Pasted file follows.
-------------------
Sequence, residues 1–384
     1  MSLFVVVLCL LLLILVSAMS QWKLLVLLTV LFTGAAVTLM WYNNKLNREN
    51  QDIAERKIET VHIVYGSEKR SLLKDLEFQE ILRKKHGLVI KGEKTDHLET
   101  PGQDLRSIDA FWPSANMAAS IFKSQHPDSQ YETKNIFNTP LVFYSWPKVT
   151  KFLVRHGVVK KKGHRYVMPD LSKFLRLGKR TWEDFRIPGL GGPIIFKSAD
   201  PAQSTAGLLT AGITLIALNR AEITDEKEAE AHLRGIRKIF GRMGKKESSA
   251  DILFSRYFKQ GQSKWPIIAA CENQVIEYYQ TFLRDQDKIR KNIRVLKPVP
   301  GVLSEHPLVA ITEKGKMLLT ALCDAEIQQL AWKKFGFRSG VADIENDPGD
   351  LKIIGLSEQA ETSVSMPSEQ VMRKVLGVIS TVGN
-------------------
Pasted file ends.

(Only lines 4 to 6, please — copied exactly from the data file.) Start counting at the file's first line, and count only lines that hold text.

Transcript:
   101  PGQDLRSIDA FWPSANMAAS IFKSQHPDSQ YETKNIFNTP LVFYSWPKVT
   151  KFLVRHGVVK KKGHRYVMPD LSKFLRLGKR TWEDFRIPGL GGPIIFKSAD
   201  PAQSTAGLLT AGITLIALNR AEITDEKEAE AHLRGIRKIF GRMGKKESSA